Once you move out of Australia into other middle to higher income countries again, you're looking at domestic worker, you're looking at the construction sector, manufacturing - all of these places that you may not necessarily think of as having slavery will ultimately have something.
Susan: Which makes me think that it's not just about you know, the people, the forced labourer in the vegetable fields or in the sex industry, but it It's someone like me as a consumer inadvertently buying X,Y,Z that is facilitating perhaps, an overseas slave trade?
Susan: Is that, what would be the worst industries for that sort of thing?
Bo: Look, that's a really hard question because there is no single industry not touched by this issue. Supply chains are inherently complex and the way that that evolved with globalisation meant that they're more and more tiers were introduced to supply chains, so it actually became a lot easier to hide these different experiences. But you know, the really good example to just kind of track what that could look like is the T shirt. You know, I buy a T shirt at my favourite brand, but then when you break down how that T shirt was made, you've got your first port of call is usually cotton.
So cotton for a very long time was source primarily from Uzbekistan, which has one of the most well established, well known government-sanctioned forced labour systems that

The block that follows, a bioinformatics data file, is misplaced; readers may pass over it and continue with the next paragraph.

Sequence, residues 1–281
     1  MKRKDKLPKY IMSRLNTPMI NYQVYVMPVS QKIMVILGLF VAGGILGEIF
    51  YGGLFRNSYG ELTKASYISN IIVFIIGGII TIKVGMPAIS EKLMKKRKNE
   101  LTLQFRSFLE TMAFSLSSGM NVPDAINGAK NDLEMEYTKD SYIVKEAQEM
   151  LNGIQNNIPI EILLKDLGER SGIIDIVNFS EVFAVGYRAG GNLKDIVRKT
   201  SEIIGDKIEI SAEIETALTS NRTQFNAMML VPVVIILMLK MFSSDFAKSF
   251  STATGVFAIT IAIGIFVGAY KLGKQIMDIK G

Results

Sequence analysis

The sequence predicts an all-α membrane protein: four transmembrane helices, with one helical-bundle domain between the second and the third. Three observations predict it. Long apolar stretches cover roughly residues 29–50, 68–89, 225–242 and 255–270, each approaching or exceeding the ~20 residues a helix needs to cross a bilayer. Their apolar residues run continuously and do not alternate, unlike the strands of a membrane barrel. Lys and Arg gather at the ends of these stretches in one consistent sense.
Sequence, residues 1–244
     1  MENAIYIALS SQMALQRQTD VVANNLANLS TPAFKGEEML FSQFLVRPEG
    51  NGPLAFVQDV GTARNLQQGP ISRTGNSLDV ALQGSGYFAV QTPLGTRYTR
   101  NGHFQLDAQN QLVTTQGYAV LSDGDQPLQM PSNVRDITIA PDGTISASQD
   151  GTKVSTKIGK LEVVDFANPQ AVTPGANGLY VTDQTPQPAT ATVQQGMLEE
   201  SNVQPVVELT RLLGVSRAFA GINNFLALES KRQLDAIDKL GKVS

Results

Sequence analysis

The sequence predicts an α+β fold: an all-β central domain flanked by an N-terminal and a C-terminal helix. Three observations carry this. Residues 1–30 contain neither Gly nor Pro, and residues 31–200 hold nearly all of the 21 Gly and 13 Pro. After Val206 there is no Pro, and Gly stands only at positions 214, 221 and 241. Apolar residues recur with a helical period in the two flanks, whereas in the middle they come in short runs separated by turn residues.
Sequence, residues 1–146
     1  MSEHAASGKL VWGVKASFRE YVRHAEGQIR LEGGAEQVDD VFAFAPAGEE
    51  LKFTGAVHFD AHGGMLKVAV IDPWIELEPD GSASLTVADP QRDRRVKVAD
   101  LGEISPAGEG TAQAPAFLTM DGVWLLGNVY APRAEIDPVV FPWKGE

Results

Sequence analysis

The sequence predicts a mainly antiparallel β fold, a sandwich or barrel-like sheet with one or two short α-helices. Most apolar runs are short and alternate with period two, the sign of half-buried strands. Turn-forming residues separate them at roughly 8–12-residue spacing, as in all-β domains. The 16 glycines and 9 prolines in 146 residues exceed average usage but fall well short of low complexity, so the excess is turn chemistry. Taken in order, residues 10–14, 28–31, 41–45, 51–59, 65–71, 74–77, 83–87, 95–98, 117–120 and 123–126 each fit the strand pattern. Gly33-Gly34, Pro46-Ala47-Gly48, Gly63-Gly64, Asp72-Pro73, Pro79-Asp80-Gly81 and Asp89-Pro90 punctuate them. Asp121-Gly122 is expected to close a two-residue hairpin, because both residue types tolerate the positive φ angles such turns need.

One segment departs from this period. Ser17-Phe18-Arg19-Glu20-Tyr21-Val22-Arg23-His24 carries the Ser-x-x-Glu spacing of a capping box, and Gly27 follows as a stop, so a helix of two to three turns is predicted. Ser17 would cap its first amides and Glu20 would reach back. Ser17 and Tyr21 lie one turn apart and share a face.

harvests the cotton. It was wasn't until 2012 that they actually stopped taking Children under the age of 16 out of school to pick the cotton to then export. I mean, that's your cotton, but then you take your cotton and it has to be spun into the mill, then you go into your garment factories. And I mean, the collapse of Rana Plaza really drew attention to the working conditions of garment factory workers.
Susan: That was in Bangladesh … there were many deaths.
Bo: Absolutely. I mean that drew your attention to a lot of issues around workers safety and worker rights, but it did draw attention to ..
Susan: The industry.
Bo: Absolutely. It drew attention to the industry, and I will say the fashion industry is being pretty good in responding. There are brands now that will promote that they do not source cotton from Uzbekistan.